Diagramming Direct Speech

Diagramming Direct Speech 

Today, I'm answering a reader's question about diagramming sentences that include direct quotations. 

Diagramming direct speech = Russian nesting dolls


Thank you for your grammar lessons. I have a diagramming question for you. How do I diagram sentences with direct speech when the direct speech itself is a complete sentence? Thank you for your help.

- Robyn

Here are two examples of what Robyn is asking about.

1. Bob yelled, "We won!"

2. Maria said, "I feel sleepy."

Did you notice that in both of our example sentences, the quoted speech is a complete sentence? It's almost as if we have a sentence within a sentence! It reminds me of those Russian nesting dolls that fit inside of each other (Matryoshka dolls).

Before we cover how to diagram our example sentences, we need to have a review of some relevant information, so let's review basic diagramming, direct objects and noun clauses! Wahoo!

Basic Sentence Diagramming

Sentence diagrams are pictures of sentences that help us see the grammatical relationship between the elements in a sentence. Let's look at a very basic sentence diagram

Here's how we diagram a subject and verb.

Basic Sentence Diagram

Notice that the lines make kind of a cross design. Since all sentences have at least a subject and a verb, you'll always see this cross-looking thing in every sentence diagram. When you see it, know that the subject is on the left side of the cross and the verb on the right side of the cross. 

 Direct Objects

Direct objects are nouns that receive the action of certain kinds of action verbs. We can find direct objects by asking What did (subject) (verb)?

Karen kicked the ball

James wrote a paper.

What did Karen kick? She kicked the ballBall is a direct object. It is a noun receiving the action of the verb kicked

What did James write? He wrote a paperPaper is a direct object. It is a noun receiving the action of the verb wrote

When diagramming a sentence that has a direct object, you need to extend the sentence's horizontal line to the right. Then, place a short vertical line just after the verb and write your direct object in that slot. 

Sentence Diagram Direct Object

 Noun Clauses

Clauses are groups of words that contain a subject and a verb. Noun clauses are clauses that perform the job of a noun.

Whatever you want is fine with me.

Can you tell me what we are having for dinner?

Whatever you want is a noun clause. It contains a subject (you) and a verb (want), and the whole clause is performing the job of a noun. It's the subject of the sentence.

What we are having for dinner is a noun clause. It contains a subject (we) and a verb (are having), and the whole clause is performing the job of a noun. It's the direct object of the verb tell.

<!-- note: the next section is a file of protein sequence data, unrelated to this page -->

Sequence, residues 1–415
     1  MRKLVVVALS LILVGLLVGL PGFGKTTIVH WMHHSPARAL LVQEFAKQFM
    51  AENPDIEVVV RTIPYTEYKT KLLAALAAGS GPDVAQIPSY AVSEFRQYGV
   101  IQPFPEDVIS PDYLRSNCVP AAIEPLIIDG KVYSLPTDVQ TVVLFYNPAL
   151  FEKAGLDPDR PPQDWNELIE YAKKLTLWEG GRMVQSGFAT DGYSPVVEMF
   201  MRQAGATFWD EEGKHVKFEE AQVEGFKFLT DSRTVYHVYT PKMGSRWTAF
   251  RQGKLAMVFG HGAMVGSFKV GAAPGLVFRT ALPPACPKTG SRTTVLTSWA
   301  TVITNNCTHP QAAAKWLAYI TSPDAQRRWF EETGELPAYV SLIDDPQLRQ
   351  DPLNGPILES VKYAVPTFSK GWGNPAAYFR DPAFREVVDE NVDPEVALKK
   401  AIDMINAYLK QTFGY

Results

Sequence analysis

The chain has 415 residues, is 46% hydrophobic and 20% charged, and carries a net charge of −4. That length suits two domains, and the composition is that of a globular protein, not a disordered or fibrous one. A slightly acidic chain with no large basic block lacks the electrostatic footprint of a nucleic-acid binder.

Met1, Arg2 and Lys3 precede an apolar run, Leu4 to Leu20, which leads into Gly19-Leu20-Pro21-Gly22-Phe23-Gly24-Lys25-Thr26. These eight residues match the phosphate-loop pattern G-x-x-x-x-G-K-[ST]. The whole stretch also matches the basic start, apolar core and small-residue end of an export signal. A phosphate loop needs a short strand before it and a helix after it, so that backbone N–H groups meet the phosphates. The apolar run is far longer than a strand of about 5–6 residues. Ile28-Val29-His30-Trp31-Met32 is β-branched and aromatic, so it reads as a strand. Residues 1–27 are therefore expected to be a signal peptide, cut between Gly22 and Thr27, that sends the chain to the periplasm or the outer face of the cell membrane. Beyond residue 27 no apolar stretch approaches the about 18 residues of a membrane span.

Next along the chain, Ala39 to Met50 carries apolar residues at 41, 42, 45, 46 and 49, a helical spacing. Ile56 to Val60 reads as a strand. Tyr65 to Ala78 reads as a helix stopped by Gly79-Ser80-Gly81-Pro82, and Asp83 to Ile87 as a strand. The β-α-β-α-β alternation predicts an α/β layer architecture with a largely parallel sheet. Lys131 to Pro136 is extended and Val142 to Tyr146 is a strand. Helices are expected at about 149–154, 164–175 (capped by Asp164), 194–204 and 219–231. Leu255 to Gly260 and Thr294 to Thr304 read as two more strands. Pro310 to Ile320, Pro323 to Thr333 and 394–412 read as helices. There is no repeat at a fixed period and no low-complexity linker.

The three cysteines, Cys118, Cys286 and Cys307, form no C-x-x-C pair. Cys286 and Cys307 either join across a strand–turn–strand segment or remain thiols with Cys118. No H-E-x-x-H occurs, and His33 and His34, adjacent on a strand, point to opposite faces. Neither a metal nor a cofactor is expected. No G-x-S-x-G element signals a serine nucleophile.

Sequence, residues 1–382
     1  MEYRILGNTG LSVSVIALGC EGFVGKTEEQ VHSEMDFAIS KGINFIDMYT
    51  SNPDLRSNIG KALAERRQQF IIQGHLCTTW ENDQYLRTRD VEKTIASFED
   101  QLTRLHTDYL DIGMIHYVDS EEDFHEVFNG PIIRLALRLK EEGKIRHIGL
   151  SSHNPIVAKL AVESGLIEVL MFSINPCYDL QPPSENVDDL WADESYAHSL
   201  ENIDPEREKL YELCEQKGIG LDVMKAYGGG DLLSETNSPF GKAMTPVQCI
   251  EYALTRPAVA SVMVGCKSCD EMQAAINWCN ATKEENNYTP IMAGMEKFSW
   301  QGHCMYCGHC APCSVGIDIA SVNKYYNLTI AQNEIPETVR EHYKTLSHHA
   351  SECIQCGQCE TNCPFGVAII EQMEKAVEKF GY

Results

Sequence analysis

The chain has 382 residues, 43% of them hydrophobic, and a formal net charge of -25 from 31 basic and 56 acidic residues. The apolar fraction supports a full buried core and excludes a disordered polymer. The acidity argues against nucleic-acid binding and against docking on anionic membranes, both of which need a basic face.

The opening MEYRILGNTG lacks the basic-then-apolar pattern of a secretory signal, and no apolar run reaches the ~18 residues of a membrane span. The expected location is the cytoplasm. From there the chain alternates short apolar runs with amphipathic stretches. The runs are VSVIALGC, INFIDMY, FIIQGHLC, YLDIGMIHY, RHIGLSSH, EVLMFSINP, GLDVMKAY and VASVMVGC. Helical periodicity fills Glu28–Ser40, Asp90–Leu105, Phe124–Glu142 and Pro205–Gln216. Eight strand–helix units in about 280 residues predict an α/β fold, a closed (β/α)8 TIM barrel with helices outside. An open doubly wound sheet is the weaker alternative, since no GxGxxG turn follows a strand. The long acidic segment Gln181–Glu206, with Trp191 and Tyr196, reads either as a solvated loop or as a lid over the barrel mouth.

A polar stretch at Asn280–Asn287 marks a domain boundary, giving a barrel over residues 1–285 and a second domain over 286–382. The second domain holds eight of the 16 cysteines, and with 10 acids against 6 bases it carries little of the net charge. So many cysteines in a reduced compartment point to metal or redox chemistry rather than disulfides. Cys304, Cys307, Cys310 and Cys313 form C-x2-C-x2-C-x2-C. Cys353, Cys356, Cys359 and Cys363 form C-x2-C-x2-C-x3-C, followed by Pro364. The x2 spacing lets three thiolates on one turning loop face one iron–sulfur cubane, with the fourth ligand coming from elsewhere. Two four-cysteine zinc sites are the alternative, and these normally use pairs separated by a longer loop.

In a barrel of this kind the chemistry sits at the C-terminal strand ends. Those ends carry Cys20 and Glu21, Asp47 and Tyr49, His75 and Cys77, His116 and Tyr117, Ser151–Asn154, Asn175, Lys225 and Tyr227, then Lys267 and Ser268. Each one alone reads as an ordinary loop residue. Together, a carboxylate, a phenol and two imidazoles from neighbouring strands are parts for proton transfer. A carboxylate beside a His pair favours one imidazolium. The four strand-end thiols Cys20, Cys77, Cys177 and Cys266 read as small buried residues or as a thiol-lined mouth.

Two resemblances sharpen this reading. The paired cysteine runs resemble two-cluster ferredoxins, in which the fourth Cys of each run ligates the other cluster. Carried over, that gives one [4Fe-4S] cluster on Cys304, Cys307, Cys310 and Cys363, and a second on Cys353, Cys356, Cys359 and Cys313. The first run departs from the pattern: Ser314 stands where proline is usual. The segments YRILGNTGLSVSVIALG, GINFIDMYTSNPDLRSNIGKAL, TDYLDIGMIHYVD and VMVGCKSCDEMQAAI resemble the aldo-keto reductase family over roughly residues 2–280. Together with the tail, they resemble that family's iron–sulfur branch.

When we diagram our noun clauses, we think about what noun job the clause is performing. For example, let's look at a diagram with a noun clause that's acting as the direct object. 

Think of the direct object slot in the sentence diagram. Can you remember where that is? Great! That's where we'll add our noun clause. 

Since noun clauses contain a subject and a verb, it—along with the main clause in the sentence—will have that cross structure. We find the cross that belongs to the noun clause and plop it into the direct object space in our diagram.

This is where the Russian nesting doll concept comes into play. Check it out!

Sentence Diagram Noun Clause as Direct Object

Back to Our Direct Speech Example Sentences

1. Bob yelled, "We won!"

2. Maria said, "I feel sleepy."

In both of our example sentences, the words within the quotation marks are noun clauses. They contain a subject (we and I) and a verb (won and feel), and they are both performing the job of a noun.

Both of those noun clauses are acting as direct objects. 

We won is the direct object of the verb yelled. What did Bob yell? He yelled We won.

1. Bob yelled, "We won!"

I feel sleepy is the direct object of the verb said. What did Maria say? She said I feel sleepy.

2. Maria said, "I feel sleepy."

If you'd like to teach or learn grammar the easy way—with sentence diagrams—check out our Get Smart Grammar Program.

It starts from the very beginning and teaches you grammar and sentence diagramming in easy, bite-size lessons. 

The Get Smart Grammar Program
Elizabeth O'Brien

Hello! I'm Elizabeth O'Brien, and my goal is to get you jazzed about grammar. 

My students love diagramming and are learning so much. Thank you for your inspiration and instruction. 

- Destiny, Teacher

This is original content from https://www.english-grammar-revolution.com/direct-speech.html

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